Celticlady1953 More than 1 year ago
The Queen's Pleasure is the fictional account of a real person, Amy Robisart. Born in Norfolk, the heiress of farmer Sir John Robsart of Syderstone. She married Robert Dudley just before she turned 18, and they were both young and in love. Amy is best known for her untimely death of suspicious circumstances. Lady Jane Grey became Queen and after her rule of a fortnight as England's queen, Robert Dudley was sentenced to death and imprisoned in the Tower of London. At the same time Princess Elizabeth, lifelong friend of Robert Dudley,was also imprisoned in the tower. Robert is eventually freed. With the accession of Elizabeth I to queen, she awarded Robert with the title, Master of the Horse, where he spent most of his time at court. Amy on the other hand was kept away from court which suited her fine at the time. This became increasingly hard on Amy and all she wanted was to spend time with her husband and start a family. Robert had high hopes on becoming King of England and did whatever he could to achieve that goal, including wooing Elizabeth I. As time goes by Amy becomes more and more despondent with the feeling that her husband no longer loves her and her rival is the Queen of England. Amy becomes ill with breast cancer and after she dies,there were rumors that Robert wanted her dead and that he had hired someone to poison Amy so he could continue his pursuit of Elizabeth and England. Elizabeth has decided to that she will never marry, including Robert. There different theories as to the what really happened and we all know that Elizabeth I was England's Virgin Queen and that Robert Dudley died without achieving his goal of becoming King and had to live with the rumors that he caused his wife's death. I found Amy to be a very tragic figure and Robert to be a cad of the lowest form. Brandy Purdy tells the story of Amy in an intimate and honest way that I found appealing although at times I felt like giving Amy a swift kick in the backside and for her to tell her husband that enough was enough. In Medieval times though, husbands were rarely faithful to their wives and the main reasons for marriage was for their lands, money and property. I did not much like Robert in this book but I felt that in the end his reward was not being able to obtain his goals. As with all of Brandy's books, I enjoyed this one very much and highly recommend it to the lover of Tudor history. It is always nice to get a different point of view, even though it is fiction of course.
CarolNWong More than 1 year ago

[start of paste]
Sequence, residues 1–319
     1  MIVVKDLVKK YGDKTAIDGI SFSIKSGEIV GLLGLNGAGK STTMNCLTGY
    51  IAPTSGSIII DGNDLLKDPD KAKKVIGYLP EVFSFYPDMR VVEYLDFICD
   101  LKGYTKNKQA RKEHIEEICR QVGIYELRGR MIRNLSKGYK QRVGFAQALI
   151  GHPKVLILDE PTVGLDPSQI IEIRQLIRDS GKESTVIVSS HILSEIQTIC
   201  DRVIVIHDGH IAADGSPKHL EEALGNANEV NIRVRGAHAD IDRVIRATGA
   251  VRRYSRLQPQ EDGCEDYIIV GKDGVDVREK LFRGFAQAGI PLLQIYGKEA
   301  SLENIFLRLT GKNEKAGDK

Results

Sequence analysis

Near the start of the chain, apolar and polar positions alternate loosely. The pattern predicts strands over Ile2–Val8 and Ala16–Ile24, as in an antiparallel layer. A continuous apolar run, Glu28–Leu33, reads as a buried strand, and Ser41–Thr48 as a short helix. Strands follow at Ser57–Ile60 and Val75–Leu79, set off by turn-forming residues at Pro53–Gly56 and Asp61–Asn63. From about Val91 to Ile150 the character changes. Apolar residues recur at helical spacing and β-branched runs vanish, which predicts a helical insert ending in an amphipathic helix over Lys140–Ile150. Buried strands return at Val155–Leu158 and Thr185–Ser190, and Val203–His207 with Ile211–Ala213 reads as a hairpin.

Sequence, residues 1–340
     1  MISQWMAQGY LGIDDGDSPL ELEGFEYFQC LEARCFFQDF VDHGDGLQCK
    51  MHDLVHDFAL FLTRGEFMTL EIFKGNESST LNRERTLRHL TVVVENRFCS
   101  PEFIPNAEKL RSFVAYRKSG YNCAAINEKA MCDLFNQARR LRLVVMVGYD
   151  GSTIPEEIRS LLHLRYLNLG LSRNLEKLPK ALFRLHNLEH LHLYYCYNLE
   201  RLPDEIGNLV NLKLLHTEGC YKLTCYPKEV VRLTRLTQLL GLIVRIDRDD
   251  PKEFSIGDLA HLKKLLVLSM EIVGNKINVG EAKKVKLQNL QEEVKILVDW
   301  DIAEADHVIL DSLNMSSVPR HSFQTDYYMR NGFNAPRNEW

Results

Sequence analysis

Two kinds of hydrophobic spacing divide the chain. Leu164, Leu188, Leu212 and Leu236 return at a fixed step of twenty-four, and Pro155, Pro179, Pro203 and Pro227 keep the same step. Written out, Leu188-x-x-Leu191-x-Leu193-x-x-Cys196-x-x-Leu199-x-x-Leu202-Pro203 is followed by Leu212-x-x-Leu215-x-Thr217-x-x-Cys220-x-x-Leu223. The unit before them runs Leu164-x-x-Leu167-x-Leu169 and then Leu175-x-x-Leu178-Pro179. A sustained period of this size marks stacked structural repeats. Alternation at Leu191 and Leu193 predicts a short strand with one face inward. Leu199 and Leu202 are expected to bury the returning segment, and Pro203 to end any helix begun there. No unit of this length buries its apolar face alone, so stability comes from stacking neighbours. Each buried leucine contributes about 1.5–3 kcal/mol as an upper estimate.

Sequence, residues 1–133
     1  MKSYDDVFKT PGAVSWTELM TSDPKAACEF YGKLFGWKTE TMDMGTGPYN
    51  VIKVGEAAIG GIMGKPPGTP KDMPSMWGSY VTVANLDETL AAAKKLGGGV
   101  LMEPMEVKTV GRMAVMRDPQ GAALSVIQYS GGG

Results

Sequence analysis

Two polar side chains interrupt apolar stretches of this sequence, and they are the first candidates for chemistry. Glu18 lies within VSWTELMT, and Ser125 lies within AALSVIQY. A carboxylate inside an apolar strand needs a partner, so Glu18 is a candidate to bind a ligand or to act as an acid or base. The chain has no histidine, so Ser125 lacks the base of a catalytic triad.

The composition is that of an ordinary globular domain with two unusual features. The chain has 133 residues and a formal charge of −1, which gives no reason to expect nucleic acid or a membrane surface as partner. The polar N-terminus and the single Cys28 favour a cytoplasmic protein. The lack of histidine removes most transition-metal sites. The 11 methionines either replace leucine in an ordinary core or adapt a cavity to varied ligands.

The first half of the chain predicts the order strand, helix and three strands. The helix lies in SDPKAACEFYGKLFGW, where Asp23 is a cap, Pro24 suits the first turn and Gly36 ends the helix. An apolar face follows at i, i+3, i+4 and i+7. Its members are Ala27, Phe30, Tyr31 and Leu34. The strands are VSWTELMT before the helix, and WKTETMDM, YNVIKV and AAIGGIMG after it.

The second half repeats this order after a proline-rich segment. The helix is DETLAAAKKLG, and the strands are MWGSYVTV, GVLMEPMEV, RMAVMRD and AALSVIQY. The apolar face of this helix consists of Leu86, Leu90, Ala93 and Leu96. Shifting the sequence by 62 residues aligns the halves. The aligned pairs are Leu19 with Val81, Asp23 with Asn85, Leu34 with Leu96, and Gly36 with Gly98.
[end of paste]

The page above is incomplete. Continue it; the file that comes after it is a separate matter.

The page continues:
Was it murder or suicide or even an accident? Did Robert Dudley murder his 1st wife or order her murdered? Did Amy Robsart Dudley choose suicide as a release from the terrors of breast cancer and her torturous marriage to Robert Dudley? I chose this book to know more of the facts and to imagine the emotions had by Amy and Elizabeth the 1st. Brandy Purdy’s “The Queen’s Pleasure” captured me in the beginning pages and did not let go until the end of the Epilogue. The Epilogue was my favorite part. My husband was in another room when I read it and he asked me if anything was wrong! The story is told through the voices of Amy Robsart Dudley and Elizabeth 1st. Amy was Robert Dudley, 1st Earl of Leicester’s first wife. They came from very different backgrounds. He was the son of the Duke of Northumberland and Lady Jane Grey. His father has tried to secure the throne for his wife and failed. Robert was at first enchanted with Amy. Amy was from the country and loved nature very much. She didn’t care for jewels or furs or titles, she just wanted a happy life. Then Robert became enamored with Elizabeth 1st or did he? I loved the idea of telling the story of Amy’s life through the voices of Amy and Elizabeth 1st and enjoyed the description, songs and poems employed in this story. After reading this book, I felt that I could easily understand Amy’s and Elizabeth’s feelings towards Robert Dudley. This book also gives you an inside to the ravages of breast cancer and the guesses at its treatment in the 1560s. Did Robert Dudley truly love Elizabeth the 1st or was it the crown instead? Why Elizabeth 1st did chose England over any marriage? I believe this book answers those questions. What was the true Robert Dudley like? I hated him! You can read this book and see how you feel towards him. I really loved this book; it flowed so easily for me and never got boring. I felt that I learned a lot about the relationships of the Amy, Robert Dudley and Elizabeth 1st, feel very fortunate to be living in these times when it comes to medicine. I confess that I have read some negative criticism that complains about the long sentences in this book but since that is the way that I write it felt very natural! So I highly recommend this book for anyone interested in historical fiction. I am going to hold on to this book. I look forward to reading more historical fiction from Brandy Purdy. I received this book from the author, Brandy Purdy but that in no way influenced my review